Support Voiced for US-Peru Trade Deal
by Jim Abrams
WASHINGTON -- Congress moved a step closer Tuesday to making Peru the first country to join in a free trade agreement with the U.S. since Democrats took over Congress at the beginning of the year.
Senate Finance Committee Chairman Max Baucus, D-Mont., at a hearing of his committee, hailed the U.S.-Peru Trade Promotion Agreement as the first to include "meaningful, and fully enforceable, labor and environmental standards."
Farming and manufacturing representatives also praised the agreement, and the AFL-CIO's chief international economist, while not endorsing the deal, said it was an improvement over past trade agreements.
The United States currently buys about $5.9 billion worth of Peruvian products a year, and sells about $2.9 billion worth in Peru. When the agreement is implemented, about 80 percent of U.S. consumer and industrial products and two-thirds of farm exports would immediately enter Peru duty-free.
A majority of Democrats and their key labor and environmental group allies have long been wary of free trade deals, saying they lead to the flight of U.S. jobs abroad, exploitation of foreign workers and depravation of foreign environments.
But the equation changed last May when House Democrats, led by Ways and Means Committee Chairman Charles Rangel, D-N.Y., negotiated a deal with the administration guaranteeing that labor rights and the environment would be core elements in future trade accords.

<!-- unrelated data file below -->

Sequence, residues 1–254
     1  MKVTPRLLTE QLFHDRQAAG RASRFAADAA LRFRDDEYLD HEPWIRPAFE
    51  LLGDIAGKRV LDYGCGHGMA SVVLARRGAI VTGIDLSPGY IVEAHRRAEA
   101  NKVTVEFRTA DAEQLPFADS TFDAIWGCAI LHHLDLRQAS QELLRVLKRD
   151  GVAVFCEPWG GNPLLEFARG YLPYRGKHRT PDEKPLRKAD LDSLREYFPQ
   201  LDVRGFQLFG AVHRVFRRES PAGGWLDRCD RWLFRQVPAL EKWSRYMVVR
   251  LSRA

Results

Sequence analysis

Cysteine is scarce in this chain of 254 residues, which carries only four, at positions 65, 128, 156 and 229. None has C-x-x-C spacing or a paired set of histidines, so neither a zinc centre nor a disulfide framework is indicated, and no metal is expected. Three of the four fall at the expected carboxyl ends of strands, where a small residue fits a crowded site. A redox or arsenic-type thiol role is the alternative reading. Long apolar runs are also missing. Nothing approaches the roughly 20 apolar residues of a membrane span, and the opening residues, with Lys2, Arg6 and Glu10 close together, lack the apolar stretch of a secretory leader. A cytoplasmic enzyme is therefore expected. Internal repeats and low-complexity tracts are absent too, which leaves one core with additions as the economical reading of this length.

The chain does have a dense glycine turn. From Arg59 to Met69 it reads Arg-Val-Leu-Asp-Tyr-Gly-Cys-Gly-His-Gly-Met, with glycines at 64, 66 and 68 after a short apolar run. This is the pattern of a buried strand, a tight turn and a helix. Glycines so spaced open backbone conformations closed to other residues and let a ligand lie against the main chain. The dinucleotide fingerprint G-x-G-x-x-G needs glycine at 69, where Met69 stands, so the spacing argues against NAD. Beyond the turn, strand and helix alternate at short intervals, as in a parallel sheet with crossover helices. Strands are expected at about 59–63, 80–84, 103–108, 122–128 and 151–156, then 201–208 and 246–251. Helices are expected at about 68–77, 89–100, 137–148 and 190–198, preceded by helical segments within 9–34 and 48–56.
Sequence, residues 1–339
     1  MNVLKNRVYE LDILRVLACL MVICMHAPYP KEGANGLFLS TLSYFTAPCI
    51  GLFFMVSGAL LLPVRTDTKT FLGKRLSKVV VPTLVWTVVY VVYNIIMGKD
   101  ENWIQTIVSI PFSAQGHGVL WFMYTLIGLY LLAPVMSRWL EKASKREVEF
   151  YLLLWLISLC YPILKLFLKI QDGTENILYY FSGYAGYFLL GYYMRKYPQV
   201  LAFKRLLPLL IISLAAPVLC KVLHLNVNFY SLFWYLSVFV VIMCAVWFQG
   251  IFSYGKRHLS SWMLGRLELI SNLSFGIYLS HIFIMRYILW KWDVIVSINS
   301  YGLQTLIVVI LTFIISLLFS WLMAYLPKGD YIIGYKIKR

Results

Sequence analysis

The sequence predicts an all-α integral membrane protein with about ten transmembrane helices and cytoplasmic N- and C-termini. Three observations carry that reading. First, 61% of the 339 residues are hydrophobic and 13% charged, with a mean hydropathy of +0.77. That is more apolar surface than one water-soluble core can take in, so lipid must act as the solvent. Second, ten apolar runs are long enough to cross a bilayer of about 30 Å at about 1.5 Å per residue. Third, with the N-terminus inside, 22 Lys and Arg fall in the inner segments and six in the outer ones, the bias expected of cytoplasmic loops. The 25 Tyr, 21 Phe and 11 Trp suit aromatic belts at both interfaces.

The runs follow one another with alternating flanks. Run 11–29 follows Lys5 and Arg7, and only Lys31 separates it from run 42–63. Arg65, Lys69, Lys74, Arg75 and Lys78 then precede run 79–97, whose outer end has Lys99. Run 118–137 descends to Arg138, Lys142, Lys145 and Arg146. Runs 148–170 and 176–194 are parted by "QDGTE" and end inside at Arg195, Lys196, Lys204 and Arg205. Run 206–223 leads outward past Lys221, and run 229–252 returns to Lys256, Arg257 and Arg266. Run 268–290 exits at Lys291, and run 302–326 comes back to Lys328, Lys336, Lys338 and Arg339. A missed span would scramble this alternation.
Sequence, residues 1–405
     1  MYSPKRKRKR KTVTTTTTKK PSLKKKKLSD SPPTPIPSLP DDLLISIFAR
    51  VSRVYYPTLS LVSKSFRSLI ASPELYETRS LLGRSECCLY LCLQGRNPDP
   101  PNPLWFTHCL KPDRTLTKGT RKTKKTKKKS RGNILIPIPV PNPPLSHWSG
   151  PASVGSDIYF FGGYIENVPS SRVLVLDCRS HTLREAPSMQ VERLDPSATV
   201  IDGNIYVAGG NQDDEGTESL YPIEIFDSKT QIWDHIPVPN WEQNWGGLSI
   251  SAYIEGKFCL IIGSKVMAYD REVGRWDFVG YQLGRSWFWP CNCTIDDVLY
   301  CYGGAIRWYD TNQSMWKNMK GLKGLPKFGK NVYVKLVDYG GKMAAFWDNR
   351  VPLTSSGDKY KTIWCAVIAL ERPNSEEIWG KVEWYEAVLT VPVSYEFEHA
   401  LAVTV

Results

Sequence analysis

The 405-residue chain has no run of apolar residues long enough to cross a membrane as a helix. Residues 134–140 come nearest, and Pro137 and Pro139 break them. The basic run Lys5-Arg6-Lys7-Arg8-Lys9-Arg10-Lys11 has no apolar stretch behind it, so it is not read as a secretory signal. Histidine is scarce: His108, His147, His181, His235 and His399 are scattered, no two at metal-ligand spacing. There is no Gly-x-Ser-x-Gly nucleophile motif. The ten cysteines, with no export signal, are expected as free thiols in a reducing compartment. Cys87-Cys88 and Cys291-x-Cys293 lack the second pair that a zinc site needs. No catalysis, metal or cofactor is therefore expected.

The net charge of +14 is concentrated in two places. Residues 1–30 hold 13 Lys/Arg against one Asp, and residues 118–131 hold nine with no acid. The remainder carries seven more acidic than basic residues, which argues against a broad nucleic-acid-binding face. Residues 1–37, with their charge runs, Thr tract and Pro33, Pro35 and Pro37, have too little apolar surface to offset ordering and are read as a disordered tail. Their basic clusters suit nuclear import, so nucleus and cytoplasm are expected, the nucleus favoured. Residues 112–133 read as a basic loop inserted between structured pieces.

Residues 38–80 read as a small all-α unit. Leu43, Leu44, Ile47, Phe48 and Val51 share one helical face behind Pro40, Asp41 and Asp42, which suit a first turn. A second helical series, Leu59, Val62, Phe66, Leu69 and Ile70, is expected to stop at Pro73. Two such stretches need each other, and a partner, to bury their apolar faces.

Baucus said that as a result, Peruvian workers would be assured the right to organize and bargain collectively and Peruvian children would stay in school rather than work in sweatshops.
Thea Mei Lee, the AFL-CIO economist, said that while the agreement does not address all its worker rights' concerns, it was "an enormous improvement" over past Bush administration agreements with Chile, Singapore, Morocco and others.
She said that AFL-CIO unions were on both sides on the Peru agreement, and it was putting its priorities into opposing two other pending free trade agreements, with Colombia and South Korea.
Senate Democratic leaders have indicated that the Peru agreement could reach the Senate floor by mid to late October. Another agreement with Panama could be dealt with this year as well, while the Colombia and South Korea deals are more problematic -- Colombia because of human rights issues and South Korea because of its restrictions on U.S. auto and other imports.
Sen. Charles Grassley, R-Iowa, top Republican on the Finance Committee, cited estimates that the Peru agreement would result in a 25 percent boost in U.S. exports and 8 percent growth in Peruvian exports.
David Winkles, member of the American Farm Bureau Federation trade advisory committee, told the panel that U.S. agriculture exports to Peru, currently around $223 million a year, could jump by more than $700 million.
But Lori Wallach, director of Public Citizen's Global Trade Watch, said in an interview that it would also "displace millions of peasant farmers in Peru." She said many labor and environmental groups with ties to Democrats are "basically infuriated that Democrats are going to consider passing more Bush NAFTA deals," referring to the North American Free Trade Agreement. "They are putting a new roof on a condemned building."
Several at the hearing, including Lee and former Clinton administration trade chief Mickey Kantor, stressed that Americans will only support free trade if there is clear evidence that the administration is enforcing promised labor and environmental standards.
"What we have right now are the right words on paper," said Sen. Debbie Stabenow, D-Mich. "That's not enough."